Can Your Estate be Divided Unequally and Still be “Fair”?

A recent estate column in the Wealth Matters section of the New York Times caught our attention.  The article asks, “Is there ever a time when inheritance should be uneven?  And if so, can uneven still be fair?  The answer to both questions is yes.”  But, good, clear, timely communication is essential to avoid hurt feelings, family strain and even painful litigation.

When raising children, good parents seldom treat each child precisely equally.  That’s because each child’s needs and circumstances vary.  Instead good parents tend to emphasize treating each child with fairness and equity.  So when it comes to planning your estate, it may be natural for you as a parent to want to consider each adult child individually, gauging their life circumstances and making the decision to distribute your assets unevenly.  But if you decide to take this course of action, you may need to prepare for some push-back from the child who thinks he or she was treated unfairly.

The New York Times quotes an anonymous woman married to a well-to-do man in the tech industry.  On the surface this woman appeared to be much better off than her siblings, so when her mother began preparing to divide her estate she planned to give this daughter a much smaller share.  Unbeknownst to the mother, however, the daughter was subject to a pre-nuptial agreement barring her from controlling her husband’s assets.  She was actually far more vulnerable than her mother realized.  “Just because I married someone with money doesn’t mean I should get cut out,” the daughter in the New York Times article said.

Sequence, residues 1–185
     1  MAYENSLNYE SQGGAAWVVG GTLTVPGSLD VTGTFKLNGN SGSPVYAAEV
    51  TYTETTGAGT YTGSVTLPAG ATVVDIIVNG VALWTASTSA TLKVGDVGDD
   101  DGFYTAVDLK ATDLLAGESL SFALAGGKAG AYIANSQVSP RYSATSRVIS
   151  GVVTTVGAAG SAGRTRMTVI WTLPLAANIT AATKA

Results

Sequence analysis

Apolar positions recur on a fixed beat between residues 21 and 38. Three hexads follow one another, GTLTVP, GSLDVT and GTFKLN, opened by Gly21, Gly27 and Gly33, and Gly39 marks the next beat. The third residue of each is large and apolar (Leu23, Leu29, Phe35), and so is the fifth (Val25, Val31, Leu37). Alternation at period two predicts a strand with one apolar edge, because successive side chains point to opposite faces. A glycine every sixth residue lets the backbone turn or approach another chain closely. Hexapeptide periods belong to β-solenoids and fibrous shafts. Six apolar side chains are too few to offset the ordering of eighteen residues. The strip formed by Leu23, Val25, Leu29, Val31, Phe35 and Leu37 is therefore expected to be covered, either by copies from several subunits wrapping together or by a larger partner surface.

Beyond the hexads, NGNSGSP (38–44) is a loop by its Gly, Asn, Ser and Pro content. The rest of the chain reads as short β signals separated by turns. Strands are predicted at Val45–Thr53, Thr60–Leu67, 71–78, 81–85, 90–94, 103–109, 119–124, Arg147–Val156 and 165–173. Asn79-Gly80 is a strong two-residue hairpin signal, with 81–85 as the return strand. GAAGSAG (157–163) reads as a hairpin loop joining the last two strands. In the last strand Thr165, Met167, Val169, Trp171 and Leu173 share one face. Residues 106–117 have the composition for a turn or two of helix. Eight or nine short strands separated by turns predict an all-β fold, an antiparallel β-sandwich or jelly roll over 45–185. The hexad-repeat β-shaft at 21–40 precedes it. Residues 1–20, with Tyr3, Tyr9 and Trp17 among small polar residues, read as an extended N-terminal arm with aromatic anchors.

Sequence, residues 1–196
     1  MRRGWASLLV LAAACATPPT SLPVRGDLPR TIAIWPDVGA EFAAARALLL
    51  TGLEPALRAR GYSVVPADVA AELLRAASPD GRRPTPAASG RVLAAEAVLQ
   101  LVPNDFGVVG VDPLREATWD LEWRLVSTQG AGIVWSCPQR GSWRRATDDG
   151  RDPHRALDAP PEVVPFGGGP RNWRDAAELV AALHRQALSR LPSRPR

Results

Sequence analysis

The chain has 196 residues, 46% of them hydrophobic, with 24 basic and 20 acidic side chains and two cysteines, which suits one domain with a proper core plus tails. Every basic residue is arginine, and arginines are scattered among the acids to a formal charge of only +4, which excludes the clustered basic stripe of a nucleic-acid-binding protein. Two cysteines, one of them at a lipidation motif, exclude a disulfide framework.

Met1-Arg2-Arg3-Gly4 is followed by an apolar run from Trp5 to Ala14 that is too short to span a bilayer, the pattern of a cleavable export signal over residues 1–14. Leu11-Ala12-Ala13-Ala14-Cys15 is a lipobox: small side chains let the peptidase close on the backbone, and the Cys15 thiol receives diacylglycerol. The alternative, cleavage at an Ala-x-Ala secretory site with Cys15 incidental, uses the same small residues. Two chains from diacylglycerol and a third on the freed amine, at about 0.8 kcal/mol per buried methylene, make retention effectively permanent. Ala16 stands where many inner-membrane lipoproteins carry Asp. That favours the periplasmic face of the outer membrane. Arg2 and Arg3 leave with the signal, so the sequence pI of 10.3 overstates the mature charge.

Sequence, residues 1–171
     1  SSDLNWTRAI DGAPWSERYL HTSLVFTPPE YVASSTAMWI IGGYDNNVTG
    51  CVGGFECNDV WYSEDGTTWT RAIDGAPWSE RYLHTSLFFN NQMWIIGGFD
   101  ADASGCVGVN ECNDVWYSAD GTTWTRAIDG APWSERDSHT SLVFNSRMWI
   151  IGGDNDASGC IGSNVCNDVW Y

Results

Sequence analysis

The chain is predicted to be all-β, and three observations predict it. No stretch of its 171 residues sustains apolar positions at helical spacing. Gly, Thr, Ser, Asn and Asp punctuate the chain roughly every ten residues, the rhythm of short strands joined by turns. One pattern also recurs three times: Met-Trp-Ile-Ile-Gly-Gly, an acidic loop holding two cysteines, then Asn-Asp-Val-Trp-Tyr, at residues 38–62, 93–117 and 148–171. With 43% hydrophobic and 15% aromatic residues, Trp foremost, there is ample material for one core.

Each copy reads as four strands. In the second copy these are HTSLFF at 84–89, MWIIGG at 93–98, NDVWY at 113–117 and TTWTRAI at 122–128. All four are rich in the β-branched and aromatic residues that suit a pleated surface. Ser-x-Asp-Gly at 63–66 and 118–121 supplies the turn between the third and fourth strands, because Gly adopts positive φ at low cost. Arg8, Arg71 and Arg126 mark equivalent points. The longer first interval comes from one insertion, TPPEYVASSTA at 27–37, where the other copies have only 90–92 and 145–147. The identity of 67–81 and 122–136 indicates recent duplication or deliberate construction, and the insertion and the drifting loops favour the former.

In another case of an uneven bequest, a mother planned to favor her daughter, a school teacher with a modest income, over her son, a well-off doctor.  But the doctor felt cheated, as though he had done all he could to please his parents only to be “disinherited.”  In the end, after lengthy and productive conversation, the daughter received a larger share, but the son wasn’t left out entirely.  Above all the sibling connection was maintained and not jeopardized.

There are many other instances of unequal estate distribution.  In some cases the unequal split is unintentional, as when one child inherits a gift with a tax liability, or when there are children from multiple marriages, or when a family business is involved.

The bottom line is planning and communication with your family.  Leaving your estate unequally to your children may be the proper thing to do, but if it’s not done properly, your family could be torn apart.

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